Daniel Levy is 43 years old, Jewish, married, 3 kids, has a first class degree in Economics from Cambridge, and has apparently been a Spurs fan all his life. Together with Joe Lewis he owns ENIC, which stands for the English National Investment Company. The original aim of the firm was to be a holding company for various sports and entertainment enterprises. They at one point had a portfolio ranging from a stake in Glasgow Rangers to the UK chain of Warner Brothers stores. They began to diversify too much however and decided to focus on football, with the aim of owning a club in each of the major European leagues. However, in 2003 they took a controlling interest in Tottenham Hotspur from Alan Sugar, which became the jewel in ENIC’s crown and the other clubs were gradually sold off. ENIC also went private that year, when Levy and Joe Lewis bought out the remaining shareholders. As a result getting information on the firm is now difficult, but it seems clear that ENIC’s main focus is THFC, and to a lesser extent a holding in the Czech club Slavia Prague.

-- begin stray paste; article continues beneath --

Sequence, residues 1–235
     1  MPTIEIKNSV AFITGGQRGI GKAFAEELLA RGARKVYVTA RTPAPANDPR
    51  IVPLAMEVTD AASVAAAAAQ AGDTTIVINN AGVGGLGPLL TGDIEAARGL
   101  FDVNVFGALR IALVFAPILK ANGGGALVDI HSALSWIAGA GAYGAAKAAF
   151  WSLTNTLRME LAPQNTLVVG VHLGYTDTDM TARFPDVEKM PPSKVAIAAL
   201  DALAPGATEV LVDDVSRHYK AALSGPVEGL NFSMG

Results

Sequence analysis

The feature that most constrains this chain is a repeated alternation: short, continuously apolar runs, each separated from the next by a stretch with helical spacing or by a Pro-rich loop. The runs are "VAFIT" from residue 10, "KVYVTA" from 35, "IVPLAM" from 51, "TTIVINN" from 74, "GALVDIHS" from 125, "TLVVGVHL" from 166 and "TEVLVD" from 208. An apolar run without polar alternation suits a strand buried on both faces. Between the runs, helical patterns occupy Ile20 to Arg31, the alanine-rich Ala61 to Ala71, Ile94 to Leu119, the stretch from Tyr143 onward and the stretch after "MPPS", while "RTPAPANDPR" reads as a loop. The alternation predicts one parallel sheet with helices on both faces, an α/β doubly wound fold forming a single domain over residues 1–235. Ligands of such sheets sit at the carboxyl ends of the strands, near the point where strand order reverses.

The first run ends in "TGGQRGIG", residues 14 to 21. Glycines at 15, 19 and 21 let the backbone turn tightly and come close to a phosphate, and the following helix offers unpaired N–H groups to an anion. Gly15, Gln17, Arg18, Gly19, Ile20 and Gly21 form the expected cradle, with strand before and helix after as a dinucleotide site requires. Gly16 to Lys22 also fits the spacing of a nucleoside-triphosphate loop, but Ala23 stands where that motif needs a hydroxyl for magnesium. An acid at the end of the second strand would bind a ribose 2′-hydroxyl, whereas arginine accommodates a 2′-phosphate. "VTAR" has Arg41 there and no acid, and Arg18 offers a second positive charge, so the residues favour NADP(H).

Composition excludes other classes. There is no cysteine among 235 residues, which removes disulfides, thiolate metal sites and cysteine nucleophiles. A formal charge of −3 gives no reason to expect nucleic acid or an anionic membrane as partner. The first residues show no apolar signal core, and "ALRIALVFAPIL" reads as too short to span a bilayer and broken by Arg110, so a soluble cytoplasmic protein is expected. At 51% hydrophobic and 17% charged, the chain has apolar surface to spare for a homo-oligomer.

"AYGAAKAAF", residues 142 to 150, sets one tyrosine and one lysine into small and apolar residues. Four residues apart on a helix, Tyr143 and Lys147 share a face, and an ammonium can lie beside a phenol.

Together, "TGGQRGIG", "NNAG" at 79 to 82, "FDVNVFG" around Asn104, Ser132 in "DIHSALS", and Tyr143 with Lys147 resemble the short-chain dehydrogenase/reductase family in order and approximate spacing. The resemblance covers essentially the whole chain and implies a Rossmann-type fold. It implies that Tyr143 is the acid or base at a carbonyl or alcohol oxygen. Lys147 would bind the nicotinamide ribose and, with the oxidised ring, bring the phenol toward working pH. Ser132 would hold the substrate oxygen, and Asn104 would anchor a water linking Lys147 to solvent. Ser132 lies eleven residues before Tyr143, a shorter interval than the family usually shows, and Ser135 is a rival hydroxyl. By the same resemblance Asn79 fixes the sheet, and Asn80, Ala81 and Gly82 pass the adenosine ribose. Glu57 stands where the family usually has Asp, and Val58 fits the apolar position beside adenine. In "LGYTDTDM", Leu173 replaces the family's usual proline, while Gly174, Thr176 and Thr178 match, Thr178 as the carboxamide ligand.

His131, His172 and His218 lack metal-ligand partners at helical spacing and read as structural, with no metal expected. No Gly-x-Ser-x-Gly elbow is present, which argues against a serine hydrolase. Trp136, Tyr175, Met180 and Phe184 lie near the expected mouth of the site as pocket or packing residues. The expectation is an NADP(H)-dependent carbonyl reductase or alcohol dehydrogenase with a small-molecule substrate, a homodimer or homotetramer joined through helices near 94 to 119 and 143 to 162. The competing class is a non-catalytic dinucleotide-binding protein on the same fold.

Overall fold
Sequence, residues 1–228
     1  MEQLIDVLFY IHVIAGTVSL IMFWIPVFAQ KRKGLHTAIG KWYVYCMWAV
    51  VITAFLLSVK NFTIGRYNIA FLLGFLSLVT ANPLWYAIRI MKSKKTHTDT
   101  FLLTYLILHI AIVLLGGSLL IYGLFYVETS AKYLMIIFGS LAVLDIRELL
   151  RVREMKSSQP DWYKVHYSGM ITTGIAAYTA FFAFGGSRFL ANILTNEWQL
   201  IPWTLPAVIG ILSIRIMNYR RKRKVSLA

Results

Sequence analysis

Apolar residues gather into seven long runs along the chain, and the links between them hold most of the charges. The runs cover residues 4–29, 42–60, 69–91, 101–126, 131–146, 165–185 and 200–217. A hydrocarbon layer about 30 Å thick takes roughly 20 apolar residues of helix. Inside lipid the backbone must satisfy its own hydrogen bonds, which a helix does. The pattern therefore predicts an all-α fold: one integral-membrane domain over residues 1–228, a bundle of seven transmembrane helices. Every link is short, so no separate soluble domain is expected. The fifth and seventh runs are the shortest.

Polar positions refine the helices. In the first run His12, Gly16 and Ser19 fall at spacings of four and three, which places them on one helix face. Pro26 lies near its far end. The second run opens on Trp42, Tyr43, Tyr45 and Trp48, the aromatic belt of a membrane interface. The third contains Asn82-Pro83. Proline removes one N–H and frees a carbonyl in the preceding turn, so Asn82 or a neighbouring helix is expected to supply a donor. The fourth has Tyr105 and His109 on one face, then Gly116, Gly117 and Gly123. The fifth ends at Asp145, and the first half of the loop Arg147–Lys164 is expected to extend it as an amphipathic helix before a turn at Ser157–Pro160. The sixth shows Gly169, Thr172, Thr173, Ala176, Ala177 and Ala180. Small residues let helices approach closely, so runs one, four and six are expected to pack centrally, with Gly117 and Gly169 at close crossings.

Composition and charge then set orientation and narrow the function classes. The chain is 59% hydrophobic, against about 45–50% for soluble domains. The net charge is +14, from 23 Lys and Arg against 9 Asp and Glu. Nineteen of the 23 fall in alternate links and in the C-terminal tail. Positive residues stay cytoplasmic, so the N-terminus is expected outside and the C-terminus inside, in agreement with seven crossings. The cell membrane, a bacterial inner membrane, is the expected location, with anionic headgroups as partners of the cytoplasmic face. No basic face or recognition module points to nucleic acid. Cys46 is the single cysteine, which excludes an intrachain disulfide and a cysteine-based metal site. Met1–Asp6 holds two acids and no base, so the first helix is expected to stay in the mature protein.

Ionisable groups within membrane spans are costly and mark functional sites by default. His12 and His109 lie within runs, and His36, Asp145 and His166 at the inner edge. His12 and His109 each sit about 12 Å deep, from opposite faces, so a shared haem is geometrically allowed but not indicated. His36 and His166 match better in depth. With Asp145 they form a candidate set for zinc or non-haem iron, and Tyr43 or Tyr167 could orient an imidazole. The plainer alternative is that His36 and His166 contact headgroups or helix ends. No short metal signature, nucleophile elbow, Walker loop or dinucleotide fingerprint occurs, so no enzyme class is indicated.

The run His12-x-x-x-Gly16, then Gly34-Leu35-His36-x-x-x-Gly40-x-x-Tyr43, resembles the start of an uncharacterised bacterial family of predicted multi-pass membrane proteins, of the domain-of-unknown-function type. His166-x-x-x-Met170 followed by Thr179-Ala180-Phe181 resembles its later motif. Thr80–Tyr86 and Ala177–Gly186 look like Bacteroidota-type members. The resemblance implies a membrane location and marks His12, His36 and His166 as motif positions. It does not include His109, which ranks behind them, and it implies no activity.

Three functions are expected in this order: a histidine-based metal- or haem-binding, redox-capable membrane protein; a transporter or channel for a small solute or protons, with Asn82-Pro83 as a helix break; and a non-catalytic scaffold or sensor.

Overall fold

ENIC's ultimate owner is a company called Crailes Holdings, registered in the Bahamas, the tax haven where Joe Lewis lives and where it is not easy to find information about companies. The Guardian managed to get quotes from an ENIC spokesman who confirmed that Lewis is behind ENIC, with Levy, via family trusts, owning 29%. "It is very much a joint effort between Joe and Daniel," the spokesman said. "Daniel himself takes responsibility for the decisions at Tottenham." ENIC, according to the financial news service Bloomberg, own 32.7% of Tottenham, which means the Chairman effectively only owns 9.5% of THFC, less than Alan Sugar who has 14.7%. Lewis is therefore the man with the main financial interest, with over 23% of the club held through his holding in ENIC. The breakdown is as follows:

ENIC 32.7%
Amshold (Sugar) 14.7%
Hodram 9.9%
Schroder UK Smaller Companies Fund 0.8%
Small Shareholders i.e. fans 42%

Hodram Inc is a vehicle owned by the brother of EasyJet’s Stelios Haji-Ioannou. Both are mad keen Spurs fans who simply want a stake in the club. In a similar vein Andy Brough, manager of the Schroder UK Smaller Companies Fund is a big Spurs fan which no doubt played a part in his fund having that particular holding.

So despite Joe Lewis being the money man, it is Levy that calls the shots and would be a difficult man to dispose, unless he falls out with Lewis of course. Levy’s other business interest is in property and he, Kemsley and Lewis are again involved together in a company called Rock Investments, which is half owned by Lewis and run on a day to day basis by Kemsley. According to the Guardian, in the year to December 2004, Levy was paid £240,000 by Rapallo, the vehicle through which Lewis owns Rock; and in the year to June 2005, he was paid £525,000 by ENIC for his work as THFC Chairman. More on the property angle in THFC Power Brokers – Part Two: Paul Kemsley.